New in Emacs 25.1: Filtering by status and archive01 Jun 2015, by Artur Malabarba.
New in Package.el post series
- New in Emacs 25.1: Better dependency management
- New in Emacs 25.1: User-selected packages
- New in Emacs 25.1: Asynchronous Package Menu
- New in Emacs 25.1: Filtering by status and archive
- New in Emacs 25.1: Archive priorities and downgrading packages
For several reasons, the Package Menu’s f key has always flown a bit under the
radar for me. Though the
package-menu-filter command is great in principle, in
practice its usefulness falls a little short for several reasons.
One reason, which is in no way its own fault, is that Emacs already has great
searching facilities such as
occur. It’s just easier and faster
to fall back on what you know rather than try out something new. This not
exactly something that needs fixing, but it can be improved by focusing the
filter command on doing things what other facilities can’t do.
Now you might be thinking, “doesn’t this command filter by package keywords? Isearch can’t do that.”
And that takes us to the second (probably most relevant) reason. The list of
keywords used by packages is an ugly mess. And that’s not something easy to fix.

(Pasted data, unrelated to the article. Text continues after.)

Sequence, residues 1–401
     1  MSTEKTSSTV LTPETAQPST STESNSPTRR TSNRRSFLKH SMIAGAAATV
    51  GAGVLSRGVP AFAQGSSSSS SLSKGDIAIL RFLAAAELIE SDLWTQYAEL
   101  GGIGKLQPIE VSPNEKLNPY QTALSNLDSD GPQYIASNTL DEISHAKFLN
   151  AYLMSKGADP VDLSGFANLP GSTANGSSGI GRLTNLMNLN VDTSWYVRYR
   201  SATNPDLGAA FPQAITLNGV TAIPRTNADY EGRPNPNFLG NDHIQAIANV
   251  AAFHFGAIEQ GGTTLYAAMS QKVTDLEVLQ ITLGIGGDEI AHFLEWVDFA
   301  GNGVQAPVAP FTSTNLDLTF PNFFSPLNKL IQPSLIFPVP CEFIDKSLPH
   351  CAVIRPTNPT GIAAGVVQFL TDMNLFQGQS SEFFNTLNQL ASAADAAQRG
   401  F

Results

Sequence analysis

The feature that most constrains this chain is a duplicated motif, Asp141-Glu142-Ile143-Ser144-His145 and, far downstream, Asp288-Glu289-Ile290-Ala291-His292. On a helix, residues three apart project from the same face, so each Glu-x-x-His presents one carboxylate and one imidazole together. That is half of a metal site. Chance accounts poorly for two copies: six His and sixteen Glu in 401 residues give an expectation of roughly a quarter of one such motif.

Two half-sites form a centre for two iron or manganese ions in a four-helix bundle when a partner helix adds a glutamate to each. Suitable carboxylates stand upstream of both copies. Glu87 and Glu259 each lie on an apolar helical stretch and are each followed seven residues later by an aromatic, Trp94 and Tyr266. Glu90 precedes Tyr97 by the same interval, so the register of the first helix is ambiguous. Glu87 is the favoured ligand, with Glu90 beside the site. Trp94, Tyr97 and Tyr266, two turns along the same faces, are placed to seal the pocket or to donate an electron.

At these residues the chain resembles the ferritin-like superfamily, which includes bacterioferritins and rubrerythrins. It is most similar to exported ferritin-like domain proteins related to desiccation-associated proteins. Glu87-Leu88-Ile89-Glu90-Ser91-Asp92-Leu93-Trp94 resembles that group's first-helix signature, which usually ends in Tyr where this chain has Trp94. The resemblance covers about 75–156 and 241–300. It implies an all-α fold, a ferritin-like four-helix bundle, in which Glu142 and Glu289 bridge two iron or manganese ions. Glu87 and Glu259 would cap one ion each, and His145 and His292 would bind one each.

Before investing too much resource on this never-ending struggle against entropy,
Emacs 25.1 will make a simple improvement that goes a long way. You can filter
multiple comma-separated keywords at once. So, for instance, you can mitigate
the redundancy between the
themes keywords by just searching for
Furthermore, sometimes there’s a good improvement available that is completely
orthogonal to the problem you have. Instead of fixing up keywords, we can also
package-menu-filter offer other features that alternate facilities
don’t —preferably one that doesn’t rely on the supernatural cooperation of a
thousand monkeys typing elisp. As of Emacs 25.1, you may now filter packages by
status or by archive, by writing
when you invoke the command.
Of lesser importance, there was also a third usability issue with the command. It took a couple of seconds to load every time you invoked it. That, fortunately, was much simpler to solve, and I’ll even leave it as an exercise to the reader!
In the following (very streamline) function, place point anywhere you want and
then invoke a single keybind (from
emacs -q, your custom keybinds don’t
count). If you do it right, you can improve its speed a hundred-fold. Can you
Check in again next Monday for the last post on this series, where we talk about prioritizing your package archives.